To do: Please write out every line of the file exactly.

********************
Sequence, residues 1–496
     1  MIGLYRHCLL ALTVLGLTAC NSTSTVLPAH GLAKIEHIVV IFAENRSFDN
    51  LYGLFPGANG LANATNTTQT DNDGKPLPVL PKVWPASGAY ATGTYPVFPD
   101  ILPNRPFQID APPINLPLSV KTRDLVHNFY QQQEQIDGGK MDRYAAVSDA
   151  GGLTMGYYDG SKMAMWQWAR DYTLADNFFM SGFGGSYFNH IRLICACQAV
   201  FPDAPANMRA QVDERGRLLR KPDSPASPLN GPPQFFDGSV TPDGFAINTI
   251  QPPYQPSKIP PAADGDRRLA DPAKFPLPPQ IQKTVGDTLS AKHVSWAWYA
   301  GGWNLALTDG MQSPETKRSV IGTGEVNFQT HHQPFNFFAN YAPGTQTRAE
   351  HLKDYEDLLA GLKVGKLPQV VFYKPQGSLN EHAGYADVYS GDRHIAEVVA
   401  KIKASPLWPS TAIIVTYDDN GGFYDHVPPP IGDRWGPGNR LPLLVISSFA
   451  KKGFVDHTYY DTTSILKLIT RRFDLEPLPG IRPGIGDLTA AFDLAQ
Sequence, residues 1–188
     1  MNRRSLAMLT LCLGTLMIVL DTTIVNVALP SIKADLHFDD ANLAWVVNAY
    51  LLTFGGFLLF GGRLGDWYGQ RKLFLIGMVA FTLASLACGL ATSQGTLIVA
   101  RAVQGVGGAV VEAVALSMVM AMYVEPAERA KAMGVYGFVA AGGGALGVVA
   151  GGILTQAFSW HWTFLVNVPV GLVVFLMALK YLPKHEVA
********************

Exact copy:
Sequence, residues 1–496
     1  MIGLYRHCLL ALTVLGLTAC NSTSTVLPAH GLAKIEHIVV IFAENRSFDN
    51  LYGLFPGANG LANATNTTQT DNDGKPLPVL PKVWPASGAY ATGTYPVFPD
   101  ILPNRPFQID APPINLPLSV KTRDLVHNFY QQQEQIDGGK MDRYAAVSDA
   151  GGLTMGYYDG SKMAMWQWAR DYTLADNFFM SGFGGSYFNH IRLICACQAV
   201  FPDAPANMRA QVDERGRLLR KPDSPASPLN GPPQFFDGSV TPDGFAINTI
   251  QPPYQPSKIP PAADGDRRLA DPAKFPLPPQ IQKTVGDTLS AKHVSWAWYA
   301  GGWNLALTDG MQSPETKRSV IGTGEVNFQT HHQPFNFFAN YAPGTQTRAE
   351  HLKDYEDLLA GLKVGKLPQV VFYKPQGSLN EHAGYADVYS GDRHIAEVVA
   401  KIKASPLWPS TAIIVTYDDN GGFYDHVPPP IGDRWGPGNR LPLLVISSFA
   451  KKGFVDHTYY DTTSILKLIT RRFDLEPLPG IRPGIGDLTA AFDLAQ
Sequence, residues 1–188
     1  MNRRSLAMLT LCLGTLMIVL DTTIVNVALP SIKADLHFDD ANLAWVVNAY
    51  LLTFGGFLLF GGRLGDWYGQ RKLFLIGMVA FTLASLACGL ATSQGTLIVA
   101  RAVQGVGGAV VEAVALSMVM AMYVEPAERA KAMGVYGFVA AGGGALGVVA
   151  GGILTQAFSW HWTFLVNVPV GLVVFLMALK YLPKHEVA